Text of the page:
INFO THAT HITS US WHERE WE LIVE... The Fannie Mae Home Purchase Sentiment Index (HPSI) rose in January to a new all-time high. More people say that now is a good time to buy and a good time to sell, home prices should rise and mortgage rates fall, and job loss isn't a concern.

Supporting this, the National Association of Realtors (NAR) latest Housing Opportunities and Market Experience (HOME) survey reports 72% of respondents think now is a good time to buy and 71% think now is a good time to sell, "good news for possible inventory gains heading into 2018."

The NAR's chief economist feels, "housing demand in 2018 will be fueled by more Millennials finally deciding to marry and have kids, and the expectations that solid job growth and the strengthening economy will push incomes higher." Pretty good, that.

BUSINESS TIP OF THE WEEK... Business coaches advise that to get more done, you should design your day. Write down a schedule of what you'll do and when you'll do it. Then stick to it.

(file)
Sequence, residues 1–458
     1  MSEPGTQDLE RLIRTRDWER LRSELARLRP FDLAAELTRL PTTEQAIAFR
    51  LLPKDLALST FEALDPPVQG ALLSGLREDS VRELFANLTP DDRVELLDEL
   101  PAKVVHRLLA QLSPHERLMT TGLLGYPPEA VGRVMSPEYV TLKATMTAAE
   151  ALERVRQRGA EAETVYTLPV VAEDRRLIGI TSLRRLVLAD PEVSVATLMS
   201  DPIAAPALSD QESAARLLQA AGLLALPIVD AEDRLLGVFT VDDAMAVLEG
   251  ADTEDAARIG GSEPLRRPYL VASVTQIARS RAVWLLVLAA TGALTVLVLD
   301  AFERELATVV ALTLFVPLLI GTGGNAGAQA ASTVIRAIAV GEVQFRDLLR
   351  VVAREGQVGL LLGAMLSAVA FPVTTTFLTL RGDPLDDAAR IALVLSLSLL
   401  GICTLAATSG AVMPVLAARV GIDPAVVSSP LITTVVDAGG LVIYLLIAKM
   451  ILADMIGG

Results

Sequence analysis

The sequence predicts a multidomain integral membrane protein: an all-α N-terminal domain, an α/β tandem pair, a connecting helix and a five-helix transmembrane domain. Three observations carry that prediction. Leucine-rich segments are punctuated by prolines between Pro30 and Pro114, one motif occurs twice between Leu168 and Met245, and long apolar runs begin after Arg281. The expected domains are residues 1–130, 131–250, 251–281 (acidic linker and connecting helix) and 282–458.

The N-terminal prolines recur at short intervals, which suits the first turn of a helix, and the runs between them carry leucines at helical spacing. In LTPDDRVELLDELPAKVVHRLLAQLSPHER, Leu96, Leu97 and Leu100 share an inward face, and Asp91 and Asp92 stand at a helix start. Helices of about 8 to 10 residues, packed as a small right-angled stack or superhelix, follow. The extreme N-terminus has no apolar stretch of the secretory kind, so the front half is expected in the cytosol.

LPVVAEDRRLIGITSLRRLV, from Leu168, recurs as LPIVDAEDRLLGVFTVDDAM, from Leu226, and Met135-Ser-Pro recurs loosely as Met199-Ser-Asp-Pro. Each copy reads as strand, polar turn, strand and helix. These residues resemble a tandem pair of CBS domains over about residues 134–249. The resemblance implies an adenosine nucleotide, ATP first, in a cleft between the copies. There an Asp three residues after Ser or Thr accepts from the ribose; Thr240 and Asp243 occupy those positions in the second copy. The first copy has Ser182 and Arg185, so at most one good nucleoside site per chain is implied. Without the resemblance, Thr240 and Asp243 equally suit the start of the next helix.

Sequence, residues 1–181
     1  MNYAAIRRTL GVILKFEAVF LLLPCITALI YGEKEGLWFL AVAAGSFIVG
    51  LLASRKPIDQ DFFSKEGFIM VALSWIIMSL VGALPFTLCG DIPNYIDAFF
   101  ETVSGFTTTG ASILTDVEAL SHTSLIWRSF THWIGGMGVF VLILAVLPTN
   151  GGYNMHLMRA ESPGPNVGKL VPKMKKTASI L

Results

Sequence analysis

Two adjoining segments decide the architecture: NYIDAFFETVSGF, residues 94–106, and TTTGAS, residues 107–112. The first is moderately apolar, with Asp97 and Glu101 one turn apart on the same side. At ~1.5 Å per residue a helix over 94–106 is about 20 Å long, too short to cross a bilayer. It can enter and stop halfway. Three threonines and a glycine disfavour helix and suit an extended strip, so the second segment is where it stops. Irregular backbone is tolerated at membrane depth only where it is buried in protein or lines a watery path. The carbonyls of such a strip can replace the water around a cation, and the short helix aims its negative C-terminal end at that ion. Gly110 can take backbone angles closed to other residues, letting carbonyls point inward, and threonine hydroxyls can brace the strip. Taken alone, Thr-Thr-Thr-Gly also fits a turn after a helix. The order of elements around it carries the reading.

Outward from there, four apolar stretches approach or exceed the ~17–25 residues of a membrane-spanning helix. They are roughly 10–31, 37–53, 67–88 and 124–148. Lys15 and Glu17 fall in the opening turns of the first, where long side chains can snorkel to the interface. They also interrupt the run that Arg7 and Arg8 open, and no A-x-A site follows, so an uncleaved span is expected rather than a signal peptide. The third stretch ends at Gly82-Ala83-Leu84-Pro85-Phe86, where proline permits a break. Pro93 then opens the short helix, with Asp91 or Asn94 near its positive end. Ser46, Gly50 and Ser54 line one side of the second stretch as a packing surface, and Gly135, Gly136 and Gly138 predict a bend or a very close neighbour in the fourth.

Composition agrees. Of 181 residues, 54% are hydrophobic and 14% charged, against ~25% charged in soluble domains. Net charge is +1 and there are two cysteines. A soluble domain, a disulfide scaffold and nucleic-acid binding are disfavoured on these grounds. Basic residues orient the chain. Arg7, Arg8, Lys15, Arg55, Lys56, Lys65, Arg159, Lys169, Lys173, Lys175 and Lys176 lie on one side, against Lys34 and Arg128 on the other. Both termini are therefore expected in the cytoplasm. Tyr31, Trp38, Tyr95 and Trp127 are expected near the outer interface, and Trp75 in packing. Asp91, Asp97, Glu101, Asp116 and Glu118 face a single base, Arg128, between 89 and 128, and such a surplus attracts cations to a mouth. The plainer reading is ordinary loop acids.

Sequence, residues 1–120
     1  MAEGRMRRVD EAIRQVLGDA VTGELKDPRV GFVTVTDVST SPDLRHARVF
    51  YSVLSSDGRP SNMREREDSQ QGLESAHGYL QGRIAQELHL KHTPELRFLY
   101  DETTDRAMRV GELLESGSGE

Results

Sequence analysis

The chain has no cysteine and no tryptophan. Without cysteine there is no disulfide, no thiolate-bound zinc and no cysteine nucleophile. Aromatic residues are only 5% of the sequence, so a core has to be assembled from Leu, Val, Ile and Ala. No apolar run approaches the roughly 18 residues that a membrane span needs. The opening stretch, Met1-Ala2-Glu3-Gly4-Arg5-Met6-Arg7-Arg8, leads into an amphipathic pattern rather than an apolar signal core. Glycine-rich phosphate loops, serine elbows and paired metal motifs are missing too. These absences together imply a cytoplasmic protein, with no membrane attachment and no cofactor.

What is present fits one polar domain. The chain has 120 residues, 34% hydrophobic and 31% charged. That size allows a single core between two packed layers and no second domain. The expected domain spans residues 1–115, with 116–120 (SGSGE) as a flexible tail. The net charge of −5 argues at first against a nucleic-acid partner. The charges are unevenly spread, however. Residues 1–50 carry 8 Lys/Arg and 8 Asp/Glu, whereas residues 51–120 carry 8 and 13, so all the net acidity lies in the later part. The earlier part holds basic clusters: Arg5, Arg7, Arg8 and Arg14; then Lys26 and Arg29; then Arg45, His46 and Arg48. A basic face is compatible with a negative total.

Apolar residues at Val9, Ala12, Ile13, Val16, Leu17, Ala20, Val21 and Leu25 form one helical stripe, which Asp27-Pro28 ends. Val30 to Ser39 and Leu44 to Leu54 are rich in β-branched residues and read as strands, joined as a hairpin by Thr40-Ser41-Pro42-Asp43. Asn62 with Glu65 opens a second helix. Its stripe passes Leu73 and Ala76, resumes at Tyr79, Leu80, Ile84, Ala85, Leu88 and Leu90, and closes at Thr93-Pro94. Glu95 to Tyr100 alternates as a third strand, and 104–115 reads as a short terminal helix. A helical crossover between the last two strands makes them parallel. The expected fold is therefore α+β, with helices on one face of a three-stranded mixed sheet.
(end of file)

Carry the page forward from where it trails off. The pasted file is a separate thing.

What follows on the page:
>> Review of Last Week

ROLLER COASTER DOWN... If you like wild rides, you would have loved the one investors took last week. The Dow fell steeply (1,000 points) on two different days, then climbed back up Tuesday and Friday, though not enough to keep the major indexes positive for the year.

We heard lots of yak that the stock drop was caused by fears of higher inflation and more short-term rate hikes from the Fed. OK. But those concerns come from the expectation of stronger economic growth, which ultimately is good for stocks.

Many experts called this a "correction" after stocks shot up 7.5% the first four weeks of 2018 following last year's 19.4% surge. They say there's little concern for housing or the economy, with more Americans working than ever, the highest inflation-adjusted wages and near historically low interest rates.

The week ended with the Dow down 5.2%, to 24191; the S&P 500 also down 5.2%, to 2620; and the Nasdaq down 5.1%, to 6874.

Bonds were kept in check by concerns over more federal spending. The 30YR FNMA 4.0% bond we watch fell .28, to $102.55. National average 30-year fixed mortgage rates hit their highest level since December 2016 in Freddie Mac's latest Primary Mortgage Market Survey, but "initial readings indicate housing markets are sustaining their momentum so far." Remember, mortgage rates can be extremely volatile, so check with your mortgage professional for up-to-the-minute information.

DID YOU KNOW?... A recent poll says 9 out of 10 lenders expect to lend more in 2018 than in 2017. The Mortgage Bankers Association forecasts $1.18 trillion in purchase mortgages this year.